• Arithmetic
• Algebra
• Geometry
• Data Analysis

### Arithmetic:

First, let us discuss the topics which you should cover for the Arithmetic questions. As we have already stated,
the GRE Math section aims to test your basic mathematical skills; you should never neglect the basics of Arithmetic.
Topics like

• Prime numbers
• Factorization odd and even numbers
• Divisibility
• Ratio-proportion-variation
• Percentage and rate calculation
• Absolute value determination
• Number system

## Algebra:

Next, we come to the Algebra part. As you may know, Algebra is a vast section of Mathematics. There are innumerable
number of topics in this part; it might not be possible for you to cover all of them, but the topics which you
can never neglect are,

• Simultaneous Equations
• Functions
• Inequalities
• Roots and surds
• Exponents
• Coordinate geometry
• straight lines
• slopes
• parabola-hyperbola-ellipse
• circle

### Geometry:

For the Geometry section, you can hardly skip a topic. You’ll have to cover everything starting from

Lines and Circles

• Polygons
• Triangles
• Lot more
• Three-dimensional figures
• Pythagoras theorem
• Angle measurements
• Mensuration
• Area
• Perimeter
• Volume

### Data Analysis:

In Data Analysis section topics include,

• Statistics:
• Mean
• Median
• Mode
• Standard deviation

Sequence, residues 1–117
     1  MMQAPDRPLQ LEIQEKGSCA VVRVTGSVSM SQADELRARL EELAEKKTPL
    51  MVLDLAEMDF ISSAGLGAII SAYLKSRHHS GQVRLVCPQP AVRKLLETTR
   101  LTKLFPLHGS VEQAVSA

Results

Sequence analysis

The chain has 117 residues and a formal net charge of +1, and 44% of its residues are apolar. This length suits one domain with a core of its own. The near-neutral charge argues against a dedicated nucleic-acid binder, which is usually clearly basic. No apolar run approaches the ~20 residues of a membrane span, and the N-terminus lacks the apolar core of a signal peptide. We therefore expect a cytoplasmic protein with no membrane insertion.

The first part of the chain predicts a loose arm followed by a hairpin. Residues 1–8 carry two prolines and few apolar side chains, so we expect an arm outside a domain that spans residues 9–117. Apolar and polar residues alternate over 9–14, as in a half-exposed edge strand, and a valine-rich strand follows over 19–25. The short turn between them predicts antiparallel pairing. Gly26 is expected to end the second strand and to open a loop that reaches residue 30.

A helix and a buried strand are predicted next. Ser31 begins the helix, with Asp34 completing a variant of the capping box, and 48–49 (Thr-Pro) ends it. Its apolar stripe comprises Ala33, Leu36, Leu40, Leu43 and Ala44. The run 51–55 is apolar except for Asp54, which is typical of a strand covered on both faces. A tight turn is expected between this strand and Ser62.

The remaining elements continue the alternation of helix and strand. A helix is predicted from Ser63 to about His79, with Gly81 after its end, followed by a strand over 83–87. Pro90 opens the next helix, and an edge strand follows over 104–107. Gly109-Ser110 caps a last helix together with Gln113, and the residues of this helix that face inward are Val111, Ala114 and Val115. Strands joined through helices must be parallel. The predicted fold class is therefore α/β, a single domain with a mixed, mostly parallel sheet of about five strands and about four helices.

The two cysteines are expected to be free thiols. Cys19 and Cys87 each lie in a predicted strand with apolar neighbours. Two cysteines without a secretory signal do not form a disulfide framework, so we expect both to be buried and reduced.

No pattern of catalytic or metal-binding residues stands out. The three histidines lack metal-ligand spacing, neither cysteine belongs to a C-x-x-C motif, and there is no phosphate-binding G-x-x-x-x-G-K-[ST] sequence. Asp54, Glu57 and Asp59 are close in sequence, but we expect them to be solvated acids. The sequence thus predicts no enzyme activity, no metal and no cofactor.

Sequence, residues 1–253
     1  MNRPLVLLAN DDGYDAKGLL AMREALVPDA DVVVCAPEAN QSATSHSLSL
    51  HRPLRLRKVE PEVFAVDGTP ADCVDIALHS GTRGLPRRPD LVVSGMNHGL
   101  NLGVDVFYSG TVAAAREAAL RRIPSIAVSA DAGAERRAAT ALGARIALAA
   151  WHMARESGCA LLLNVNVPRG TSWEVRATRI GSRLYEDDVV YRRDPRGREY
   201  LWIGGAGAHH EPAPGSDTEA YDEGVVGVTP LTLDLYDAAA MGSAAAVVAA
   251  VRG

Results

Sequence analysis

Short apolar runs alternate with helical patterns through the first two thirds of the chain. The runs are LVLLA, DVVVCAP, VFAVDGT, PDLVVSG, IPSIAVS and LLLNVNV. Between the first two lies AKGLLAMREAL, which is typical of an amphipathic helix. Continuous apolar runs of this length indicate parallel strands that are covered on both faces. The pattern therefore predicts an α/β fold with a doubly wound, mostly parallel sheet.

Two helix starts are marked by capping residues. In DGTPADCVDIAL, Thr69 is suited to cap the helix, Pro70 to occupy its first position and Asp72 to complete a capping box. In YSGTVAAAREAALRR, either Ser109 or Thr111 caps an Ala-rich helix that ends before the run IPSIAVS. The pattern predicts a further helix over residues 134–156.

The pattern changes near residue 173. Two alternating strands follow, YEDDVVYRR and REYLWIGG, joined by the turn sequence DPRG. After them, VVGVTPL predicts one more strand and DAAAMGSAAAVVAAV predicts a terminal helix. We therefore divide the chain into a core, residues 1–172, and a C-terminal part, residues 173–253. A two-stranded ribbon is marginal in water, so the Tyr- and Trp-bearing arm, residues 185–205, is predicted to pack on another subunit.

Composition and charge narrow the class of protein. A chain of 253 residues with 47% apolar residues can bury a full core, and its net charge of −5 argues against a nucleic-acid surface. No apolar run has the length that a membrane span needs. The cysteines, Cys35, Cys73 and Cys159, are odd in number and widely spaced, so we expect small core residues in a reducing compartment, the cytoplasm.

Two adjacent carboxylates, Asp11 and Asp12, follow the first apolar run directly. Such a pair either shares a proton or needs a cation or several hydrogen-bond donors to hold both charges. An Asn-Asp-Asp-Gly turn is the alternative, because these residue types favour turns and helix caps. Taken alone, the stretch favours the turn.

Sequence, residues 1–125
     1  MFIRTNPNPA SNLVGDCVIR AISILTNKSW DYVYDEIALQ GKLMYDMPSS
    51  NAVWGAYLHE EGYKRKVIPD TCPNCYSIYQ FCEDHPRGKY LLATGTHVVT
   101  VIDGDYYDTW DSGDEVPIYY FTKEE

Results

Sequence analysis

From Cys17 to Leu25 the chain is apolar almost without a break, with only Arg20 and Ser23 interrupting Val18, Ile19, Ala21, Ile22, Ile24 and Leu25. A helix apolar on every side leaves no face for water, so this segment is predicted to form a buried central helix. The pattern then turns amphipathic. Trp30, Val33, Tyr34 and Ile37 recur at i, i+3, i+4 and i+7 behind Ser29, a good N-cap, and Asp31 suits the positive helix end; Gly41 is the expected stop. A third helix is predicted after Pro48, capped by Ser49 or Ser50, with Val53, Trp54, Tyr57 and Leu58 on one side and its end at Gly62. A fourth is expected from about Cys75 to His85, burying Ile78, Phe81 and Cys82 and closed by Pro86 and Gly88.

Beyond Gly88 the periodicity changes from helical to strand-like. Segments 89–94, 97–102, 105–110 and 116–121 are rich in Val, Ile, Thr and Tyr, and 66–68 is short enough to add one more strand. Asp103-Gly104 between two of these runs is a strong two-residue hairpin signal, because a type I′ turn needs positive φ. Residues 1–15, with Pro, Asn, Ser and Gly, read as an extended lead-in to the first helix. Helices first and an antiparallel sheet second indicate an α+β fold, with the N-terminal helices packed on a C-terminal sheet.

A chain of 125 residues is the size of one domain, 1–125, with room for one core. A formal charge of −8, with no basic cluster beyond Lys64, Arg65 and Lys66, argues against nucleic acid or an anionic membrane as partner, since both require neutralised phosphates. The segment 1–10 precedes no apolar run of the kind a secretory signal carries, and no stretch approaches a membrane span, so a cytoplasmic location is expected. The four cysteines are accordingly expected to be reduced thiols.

• Quartiles
• Percentiles
• Data Interpretation Set:
• Interpretation of data in tables
• Graphs like line graph
• Bar graph

The GRE Math section includes a variety of challenging questions, including those on data interpretation. That’s why we’ve created our Introduction GRE Data Interpretation Questions page, where you’ll find helpful tips and strategies for interpreting graphs, tables, and other data sets. With a variety of practice questions, you’ll have ample opportunity to practice your skills and improve your score on the GRE. Our Introduction GRE Data Interpretation Questions page is sure to be immensely beneficial to you, so don’t hesitate to click here and start mastering data interpretation today!

• Probability:
• Individual and compound events
• Random variables
• Probability distribution
• Counting methods:
• Combination and Permutation
• Venn diagram